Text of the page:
Glucagon is a 29-amino acid polypeptide acting as an important hormone in carbohydrate metabolism. The polypeptide has a molecular weight of 3485 daltons and was discovered in 1923 by Kimball and Murlin.
Its primary structure is: NH2-His-Ser-Gln-Gly-Thr-Phe- Thr-Ser-Asp-Tyr-Ser-Lys-Tyr-Leu-Asp-Ser- Arg-Arg-Ala-Gln-Asp-Phe-Val-Gln-Trp-Leu- Met-Asn-Thr-COOH
In the 1920s, Kimball and Murlin studied pancreatic extracts and found an additional substance with hyperglycemic properties. Glucagon was sequenced in the late-1950s, but a more complete understanding of its role in physiology and disease was not established until the 1970s, when a specific radioimmunoassay was developed.
The hormone is synthesized and secreted from alpha cells (α-cells) of the Islets of Langerhans, which are located in the endocrine portion of the pancreas. The alpha cells are located in the outer rim of the islet.
- Glucagon helps maintain the level of glucose in the blood by binding to specific receptors on hepatocytes, causing the liver to release glucose - stored in the form of glycogen - through a process known as glycogenolysis.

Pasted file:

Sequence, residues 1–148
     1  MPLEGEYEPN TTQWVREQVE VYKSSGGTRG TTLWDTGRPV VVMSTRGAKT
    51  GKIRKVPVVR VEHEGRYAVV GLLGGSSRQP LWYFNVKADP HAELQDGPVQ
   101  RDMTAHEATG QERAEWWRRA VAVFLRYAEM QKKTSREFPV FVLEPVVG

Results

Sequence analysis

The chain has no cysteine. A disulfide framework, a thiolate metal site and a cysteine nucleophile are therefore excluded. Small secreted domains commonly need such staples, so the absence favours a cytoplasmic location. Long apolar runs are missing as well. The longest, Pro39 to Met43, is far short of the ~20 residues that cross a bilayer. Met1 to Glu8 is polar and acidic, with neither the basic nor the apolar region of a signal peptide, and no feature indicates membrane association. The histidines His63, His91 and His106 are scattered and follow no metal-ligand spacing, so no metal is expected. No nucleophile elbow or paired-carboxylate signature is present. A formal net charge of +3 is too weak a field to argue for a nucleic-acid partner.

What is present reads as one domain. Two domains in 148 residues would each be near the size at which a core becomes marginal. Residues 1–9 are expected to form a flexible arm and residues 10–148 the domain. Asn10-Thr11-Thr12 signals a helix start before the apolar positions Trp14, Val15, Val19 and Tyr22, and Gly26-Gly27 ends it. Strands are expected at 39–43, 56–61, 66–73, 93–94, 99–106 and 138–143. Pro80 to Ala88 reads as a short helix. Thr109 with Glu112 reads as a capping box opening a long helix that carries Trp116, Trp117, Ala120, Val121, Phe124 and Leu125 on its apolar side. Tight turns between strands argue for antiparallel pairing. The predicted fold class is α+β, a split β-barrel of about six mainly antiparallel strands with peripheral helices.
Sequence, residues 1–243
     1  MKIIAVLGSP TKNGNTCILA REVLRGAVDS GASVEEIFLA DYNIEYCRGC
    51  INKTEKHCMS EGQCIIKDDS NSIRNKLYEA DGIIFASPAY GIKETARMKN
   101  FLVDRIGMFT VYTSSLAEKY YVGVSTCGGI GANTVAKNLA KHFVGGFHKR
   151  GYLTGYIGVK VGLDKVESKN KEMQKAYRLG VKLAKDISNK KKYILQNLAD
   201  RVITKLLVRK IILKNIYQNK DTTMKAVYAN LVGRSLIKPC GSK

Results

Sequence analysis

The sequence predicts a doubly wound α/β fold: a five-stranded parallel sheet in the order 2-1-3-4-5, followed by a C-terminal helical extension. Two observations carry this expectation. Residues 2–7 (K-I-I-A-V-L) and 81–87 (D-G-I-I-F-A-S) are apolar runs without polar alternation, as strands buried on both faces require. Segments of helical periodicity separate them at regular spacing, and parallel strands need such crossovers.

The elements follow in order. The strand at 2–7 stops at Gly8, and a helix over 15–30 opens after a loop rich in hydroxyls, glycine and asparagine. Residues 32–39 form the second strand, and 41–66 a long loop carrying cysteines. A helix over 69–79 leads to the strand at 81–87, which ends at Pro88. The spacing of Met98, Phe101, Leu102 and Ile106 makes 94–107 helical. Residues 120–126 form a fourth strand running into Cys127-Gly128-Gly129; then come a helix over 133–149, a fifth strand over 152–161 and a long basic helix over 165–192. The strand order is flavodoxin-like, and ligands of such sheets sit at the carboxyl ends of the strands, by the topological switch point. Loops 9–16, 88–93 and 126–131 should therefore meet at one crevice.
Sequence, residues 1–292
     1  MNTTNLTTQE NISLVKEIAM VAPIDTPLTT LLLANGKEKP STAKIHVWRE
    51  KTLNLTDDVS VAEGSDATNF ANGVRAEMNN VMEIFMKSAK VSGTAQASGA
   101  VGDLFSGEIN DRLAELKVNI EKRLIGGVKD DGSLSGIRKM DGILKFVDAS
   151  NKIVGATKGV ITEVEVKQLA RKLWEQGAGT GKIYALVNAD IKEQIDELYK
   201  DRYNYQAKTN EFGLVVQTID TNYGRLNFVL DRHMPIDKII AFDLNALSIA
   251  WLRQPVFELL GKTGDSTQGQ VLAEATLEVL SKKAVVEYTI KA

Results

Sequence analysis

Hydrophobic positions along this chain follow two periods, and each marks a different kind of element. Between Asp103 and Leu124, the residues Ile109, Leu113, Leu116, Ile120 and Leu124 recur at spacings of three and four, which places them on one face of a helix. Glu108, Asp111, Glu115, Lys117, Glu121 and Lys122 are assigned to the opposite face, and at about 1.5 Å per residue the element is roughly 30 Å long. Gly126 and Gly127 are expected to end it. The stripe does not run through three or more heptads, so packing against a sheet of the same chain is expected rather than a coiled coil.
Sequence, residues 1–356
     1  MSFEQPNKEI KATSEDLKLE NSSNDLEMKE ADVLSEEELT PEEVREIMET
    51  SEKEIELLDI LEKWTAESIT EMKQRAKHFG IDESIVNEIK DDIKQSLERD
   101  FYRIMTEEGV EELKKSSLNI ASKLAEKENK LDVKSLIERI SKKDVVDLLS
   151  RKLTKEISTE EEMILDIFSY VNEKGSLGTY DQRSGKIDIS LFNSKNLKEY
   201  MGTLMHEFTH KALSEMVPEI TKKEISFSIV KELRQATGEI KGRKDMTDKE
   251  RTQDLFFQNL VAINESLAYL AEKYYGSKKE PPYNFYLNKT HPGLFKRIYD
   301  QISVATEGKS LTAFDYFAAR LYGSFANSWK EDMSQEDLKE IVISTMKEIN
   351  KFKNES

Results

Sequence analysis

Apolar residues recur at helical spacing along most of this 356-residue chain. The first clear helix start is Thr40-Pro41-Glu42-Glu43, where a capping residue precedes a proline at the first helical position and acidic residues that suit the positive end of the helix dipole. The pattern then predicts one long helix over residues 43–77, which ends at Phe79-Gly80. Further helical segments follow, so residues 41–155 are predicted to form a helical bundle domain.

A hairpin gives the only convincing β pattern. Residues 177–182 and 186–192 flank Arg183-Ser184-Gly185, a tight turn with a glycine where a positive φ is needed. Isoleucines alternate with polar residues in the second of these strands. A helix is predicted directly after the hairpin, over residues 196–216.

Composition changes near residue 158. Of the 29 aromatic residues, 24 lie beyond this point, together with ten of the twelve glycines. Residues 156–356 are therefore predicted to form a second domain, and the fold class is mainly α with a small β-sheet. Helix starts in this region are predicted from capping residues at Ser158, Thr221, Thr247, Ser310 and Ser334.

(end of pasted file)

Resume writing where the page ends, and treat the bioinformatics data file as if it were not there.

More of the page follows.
As these stores become depleted, glucagon then encourages the liver to synthesize
additional glucose by gluconeogenesis. This glucose is released into the bloodstream.
Both of these mechanisms lead to glucose release by the liver, preventing the
development of hypoglycemia.
- Increased free fatty acids and ketoacids into the blood
- Increased urea production
Abnormally-elevated levels of glucagon may be caused by pancreatic cancers such as glucagonoma, symptoms of which include necrolytic migratory erythema (NME).
An injectable form of glucagon is essential first aid in cases of severe hypoglycemia. The glucagon is given by intramuscular injection, and quickly raises blood glucose levels.
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